Straight after Christmas and New Year celebrations, Unify came screaming around the corner to punch you in the face. It was brutal, but like all mosh injuries it was something to show off and brag about.

For those who have never made the trip to Tarwin Lower in Gippsland, Unify Gathering is a sanctuary for lovers of anything heavy, held for just one weekend a year. When you’ve got camping and BYO naughty waters, the vibe is already loose but it’s the kind of place where you make friends anywhere, from the neighbouring tent to the mosh pit.

The lineup was straight up blazing. Day one featured headliners Parkway Drive, Architects, Tonight Alive and Four Year Strong. Then Saturday boasted The Amity Affliction, Hands Like Houses, Hellions and Stick To Your Guns. There were some fresh bands to kick off each day: Save The Clocktower, Dear Seattle, Mirrors and Sienna Skies, and they definitely rose to the occasion.

There were some major highlights and—despite the legends who played Uno in the middle of the mosh—Tonight Alive were a must see. Vocalist Jenna McDougall was so comfortable on stage moving with the music with a predatory stalk and belting out tunes from her band’s recently released album Underworld. ‘Temple,’ ‘The Edge’ and ‘Lonely Girl’ were powerful and let me tell you, that band gained new fans that night.

It was Polaris’ second year at Unify and their growth since last year has been huge. A debut album, international tours and a massive rise in confidence and experience meant that their set was a shock to the core. Guitarist Rick Schneider had a quick chat to TEO about 2017 vs 2018, noting this year when they played their opening song, ‘Lucid,’ the crowd was bigger than their closing song at Unify 2017! With bangers like ‘The Remedy,’ ‘Consume’ and ‘The Slow Decay’ it’s no wonder. The only way for these fellas is up.

Architects had played in Adelaide on the Thursday before Unify and there were quite a number of people who saw them play at The Gov before driving to Unify to watch them again. The quality of their live show is unparalleled, brutal force with driving melodies that reach out and ensnare crowds. Their guitarist, Tom Searle, passed away from cancer not too long ago and when the band played ‘Doomsday,’ a song he co-wrote with brother and drummer Dan Searle, the crowd dropped to their knees. Emotions ran high on stage and off, and the band reached out to say, “…there is no shame in crying. There is no shame in hurting. And there is no shame in telling your loved ones that you love them, ’cause you don’t know how long you have left.” It was a heartfelt set and words aren’t enough.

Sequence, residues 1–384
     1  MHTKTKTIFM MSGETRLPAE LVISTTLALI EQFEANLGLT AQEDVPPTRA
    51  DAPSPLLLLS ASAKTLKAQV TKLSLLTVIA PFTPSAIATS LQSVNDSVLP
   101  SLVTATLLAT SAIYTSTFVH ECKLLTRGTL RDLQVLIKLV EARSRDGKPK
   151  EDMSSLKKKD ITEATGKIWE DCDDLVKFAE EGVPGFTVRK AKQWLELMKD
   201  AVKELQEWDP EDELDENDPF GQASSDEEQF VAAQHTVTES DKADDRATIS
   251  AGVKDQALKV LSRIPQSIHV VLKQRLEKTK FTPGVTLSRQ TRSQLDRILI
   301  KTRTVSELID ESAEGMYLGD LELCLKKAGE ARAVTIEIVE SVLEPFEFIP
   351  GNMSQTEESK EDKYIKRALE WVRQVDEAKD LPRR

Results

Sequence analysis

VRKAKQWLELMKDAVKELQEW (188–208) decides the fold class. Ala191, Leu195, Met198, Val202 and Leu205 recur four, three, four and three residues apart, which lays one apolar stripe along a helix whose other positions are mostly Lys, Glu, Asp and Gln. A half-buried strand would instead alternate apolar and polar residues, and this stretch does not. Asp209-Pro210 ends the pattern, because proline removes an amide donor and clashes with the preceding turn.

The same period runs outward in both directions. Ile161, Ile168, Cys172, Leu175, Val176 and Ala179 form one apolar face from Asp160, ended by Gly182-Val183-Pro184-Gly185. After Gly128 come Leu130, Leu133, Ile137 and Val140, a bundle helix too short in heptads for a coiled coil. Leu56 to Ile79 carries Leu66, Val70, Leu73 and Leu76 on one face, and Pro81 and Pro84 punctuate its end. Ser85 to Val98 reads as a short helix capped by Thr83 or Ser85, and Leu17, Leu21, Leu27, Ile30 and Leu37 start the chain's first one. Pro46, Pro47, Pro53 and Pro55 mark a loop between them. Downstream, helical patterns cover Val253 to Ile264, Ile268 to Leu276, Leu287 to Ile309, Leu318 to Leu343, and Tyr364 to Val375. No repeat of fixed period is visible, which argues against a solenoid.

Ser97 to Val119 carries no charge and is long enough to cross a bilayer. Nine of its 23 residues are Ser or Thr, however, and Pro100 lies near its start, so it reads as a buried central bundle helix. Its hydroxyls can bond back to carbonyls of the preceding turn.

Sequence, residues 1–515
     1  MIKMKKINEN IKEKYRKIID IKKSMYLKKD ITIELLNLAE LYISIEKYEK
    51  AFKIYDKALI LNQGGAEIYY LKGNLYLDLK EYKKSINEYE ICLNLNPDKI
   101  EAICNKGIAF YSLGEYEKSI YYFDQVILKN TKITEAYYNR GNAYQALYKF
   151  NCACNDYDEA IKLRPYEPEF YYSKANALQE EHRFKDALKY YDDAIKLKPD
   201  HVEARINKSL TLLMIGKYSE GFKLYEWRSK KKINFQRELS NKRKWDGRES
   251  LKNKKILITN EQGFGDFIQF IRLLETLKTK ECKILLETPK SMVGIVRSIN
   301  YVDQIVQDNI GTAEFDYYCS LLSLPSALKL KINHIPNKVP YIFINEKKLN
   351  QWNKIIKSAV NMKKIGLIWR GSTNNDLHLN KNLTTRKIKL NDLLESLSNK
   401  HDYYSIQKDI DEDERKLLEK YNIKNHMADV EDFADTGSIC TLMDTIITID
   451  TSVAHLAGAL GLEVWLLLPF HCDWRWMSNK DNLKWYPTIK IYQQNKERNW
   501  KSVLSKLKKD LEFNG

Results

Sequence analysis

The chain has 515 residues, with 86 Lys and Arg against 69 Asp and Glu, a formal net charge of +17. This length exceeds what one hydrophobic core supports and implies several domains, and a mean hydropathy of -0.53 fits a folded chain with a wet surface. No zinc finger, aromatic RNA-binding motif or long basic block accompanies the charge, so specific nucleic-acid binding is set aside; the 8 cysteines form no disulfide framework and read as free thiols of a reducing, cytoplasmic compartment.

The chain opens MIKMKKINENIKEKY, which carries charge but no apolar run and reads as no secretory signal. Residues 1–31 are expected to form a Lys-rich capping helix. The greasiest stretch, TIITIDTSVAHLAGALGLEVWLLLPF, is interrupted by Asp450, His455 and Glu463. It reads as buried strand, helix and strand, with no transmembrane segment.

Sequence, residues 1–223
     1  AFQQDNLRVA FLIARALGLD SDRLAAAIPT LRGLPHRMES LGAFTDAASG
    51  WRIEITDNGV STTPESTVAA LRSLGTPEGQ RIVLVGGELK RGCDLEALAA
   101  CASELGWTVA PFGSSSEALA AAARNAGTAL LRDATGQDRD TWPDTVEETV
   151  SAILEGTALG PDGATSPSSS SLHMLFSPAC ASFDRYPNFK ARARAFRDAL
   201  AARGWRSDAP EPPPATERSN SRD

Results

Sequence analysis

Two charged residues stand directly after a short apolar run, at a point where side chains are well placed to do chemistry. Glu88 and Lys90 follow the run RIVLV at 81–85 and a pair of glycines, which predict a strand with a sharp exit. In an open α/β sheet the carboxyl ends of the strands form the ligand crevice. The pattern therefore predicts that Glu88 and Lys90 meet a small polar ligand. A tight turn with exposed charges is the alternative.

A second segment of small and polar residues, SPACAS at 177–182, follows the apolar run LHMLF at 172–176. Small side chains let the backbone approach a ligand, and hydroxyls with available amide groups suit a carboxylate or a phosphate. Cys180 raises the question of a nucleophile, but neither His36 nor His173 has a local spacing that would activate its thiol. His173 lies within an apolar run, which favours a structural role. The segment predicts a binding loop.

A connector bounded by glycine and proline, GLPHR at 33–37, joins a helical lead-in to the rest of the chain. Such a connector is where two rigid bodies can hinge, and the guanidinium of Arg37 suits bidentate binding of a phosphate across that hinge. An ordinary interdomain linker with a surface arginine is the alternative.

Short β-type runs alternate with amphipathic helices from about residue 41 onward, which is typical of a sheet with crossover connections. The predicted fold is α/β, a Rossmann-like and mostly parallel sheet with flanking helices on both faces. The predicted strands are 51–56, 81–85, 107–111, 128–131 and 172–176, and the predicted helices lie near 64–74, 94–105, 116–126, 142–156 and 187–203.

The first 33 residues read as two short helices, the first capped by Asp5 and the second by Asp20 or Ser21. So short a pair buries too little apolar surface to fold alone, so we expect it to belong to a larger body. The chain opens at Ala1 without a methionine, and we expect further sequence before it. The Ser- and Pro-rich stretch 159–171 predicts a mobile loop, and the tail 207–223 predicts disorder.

Parkway Drive stormed the stage after and their crowd involvement went next level. ‘Dead Man’s Chest’ was intense, as was ‘Carrion,’ but the real show stopper was the last song, ‘Bottom Feeder.’ Vocalist Winston McCall shouted for a wall of death all the way back to the sound desk, and the crowd complied. He jumped the barrier, separating the crowd as he ran to stand on the sound desk barrier, and when that last breakdown hit, bodies collided. And Winston crowd surfed the entire way back to the stage. You don’t see this kind of thing very often, and not many bands can command that kind of respect.

There are too many memorable moments about this festival: the almost constant rain; the questionable KarTents; paying with Unicoin, a dangerously easy chip on your wristband; the crowd forming a line and rowing on the ground; the Power Ranger in the pit; Young Lions’ impressive crowd surfing; the shoeys that were drunk; and let’s not forget Hellion’s triumphant return after last year’s absence.

We said it last year, and we’ll say it again: Unify is the kind of festival you buy tickets to regardless of the lineup because the organisation, the atmosphere and the people who stand in the crowd, rain or shine, are what make this festival great.

Photos: Ebony Story